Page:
1. SL2 camera, LEICA 

The iconic red logo unmistakably identifies the camera as a Leica. But beyond that signifier, a Leica camera is well respected for its exceptional quality, outstanding lenses, and user-friendly design. The SL2 camera doesn’t disappoint. As the only mirrorless full-frame camera, it has a customisable interface and the ability to shoot up to 187 megapixels—perfect for capturing picture-perfect moments.

2. Dyson Zone Absolute+ headphones, DYSON

The Dyson Zone Absolute+ extends the company’s endeavour to add ground breaking design to everyday items. Its entry into the sound space looks like something from Mortal Kombat. The headphones are packed with advanced noise-cancelling capabilities and a full audio spectrum, allowing you to experience the highs and lows of any playlist. But it’s the first-of-its-kind detachable filtration system that sets it apart. The electrostatic filter ensures the removal of 99 per cent of ultrafine particles, making this more than just an audio device.

3. Sutro Lite Prizm Road sunglasses, OAKLEY

Oakley is elevating its design game with this pair. Beyond the athletic practicality and style you’ve expected from any Oakley, this boasts an O Matter frame material and Sutro Lite Prizm Road that provides durability and all-day comfort. It’s perfect for sports, but you can also confidently walk around in style while shielding your eyes from the assault of UV rays.

4. Phantom I, DEVIALET

Like something out of a sci-fi film, the egg-shaped speaker remains Devialet’s hallmark. Always at the forefront of innovation, the Phantom 1 now comes in a livery other than the original white. While the design is eye-catching, watching the woofers dance in synch with the music is another draw altogether.

5. Aqua Allegoria Nerolia Vetiver Forte eau de parfum, GUERLAIN

A fragrance is more than just its scent—how it is housed matters too. Guerlain’s Aqua Allegoria series features a unique screw-top flaçon embellished with gold honey comb trims as a nod to the house’s bee motif. Since 2022, the bottle has been produced using 15 per cent PCR glass—proof that even signature looks can be improved on using more environmentally friendly materials. In keeping with its celebration of nature, the Nerolia Vetiver Forte balances intense neroli with the smoothness of fig.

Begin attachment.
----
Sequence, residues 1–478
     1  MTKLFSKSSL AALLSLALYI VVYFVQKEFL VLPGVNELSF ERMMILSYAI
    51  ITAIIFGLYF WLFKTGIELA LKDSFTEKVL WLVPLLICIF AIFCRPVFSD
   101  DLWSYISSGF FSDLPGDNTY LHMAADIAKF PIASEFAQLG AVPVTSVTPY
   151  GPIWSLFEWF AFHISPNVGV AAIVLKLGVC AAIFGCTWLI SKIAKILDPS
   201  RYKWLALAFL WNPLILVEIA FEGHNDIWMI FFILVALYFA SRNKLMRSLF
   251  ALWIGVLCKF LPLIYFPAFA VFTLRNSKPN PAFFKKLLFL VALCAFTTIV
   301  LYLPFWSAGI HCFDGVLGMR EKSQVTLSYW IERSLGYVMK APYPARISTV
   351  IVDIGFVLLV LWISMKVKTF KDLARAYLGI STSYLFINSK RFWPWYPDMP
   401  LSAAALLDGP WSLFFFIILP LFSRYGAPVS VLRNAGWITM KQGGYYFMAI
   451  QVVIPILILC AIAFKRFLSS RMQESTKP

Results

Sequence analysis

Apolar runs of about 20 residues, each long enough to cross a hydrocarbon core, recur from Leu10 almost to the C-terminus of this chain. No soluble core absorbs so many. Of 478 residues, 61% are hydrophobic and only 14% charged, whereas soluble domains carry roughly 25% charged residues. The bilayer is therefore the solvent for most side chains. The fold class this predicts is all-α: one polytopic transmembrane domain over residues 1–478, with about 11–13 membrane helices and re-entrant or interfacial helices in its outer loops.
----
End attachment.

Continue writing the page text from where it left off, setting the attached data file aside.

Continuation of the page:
6. Air Jordan 1 sneakers, NIKE

Even in the same tone as the rest of the shoe, the unmistakable check mark designates this as a Nike, a legendary AJ1 no less. Named after basketball legend Michael Jordan, the shoe remains every sneakerhead’s favourite, transcending the sport. Wear it with any outfit—whether a basketball jersey or a classic suit and white button-up shirt—and experience just how versatile it is.

7. Pilot case, RIMOWA

Fun fact: while RIMOWA is known for its iconic grooves, they were only added 13 years after the brand launched a lightweight and durable aluminium suitcase. Rimowa’s Pilot Case is one of its flagship styles that has become a dependable travel companion for a range of creative types. It’s been recently revived with a more organised interior to help make every journey a breeze.

8. Leather Puzzle bag, LOEWE

When Jonathan Anderson assumed the role of creative director at Loewe, the Puzzle bag was his first handbag design for the brand. The construction and details were inspired by origami, with the 75 separate pieces of leather displaying the kind of craftsmanship that Loewe continues to excel at. Like many icons, it’s been interpreted in myriad ways since, but the original remains an instantly recognisable classic.

9. Seamaster Diver 300m 42mm stainless steel case and bracelet, OMEGA

James Bond only wears one watch, and that is the Omega Seamaster. The iconic timepiece is a testament to Omega’s exquisite watchmaking capabilities. The 75th anniversary iteration features impressive new details, like the signature summer blue wave dial with laser-engraved waves that reflect its ability to withstand the pressures of the oceanic depths—undeniably a remarkable piece of engineering.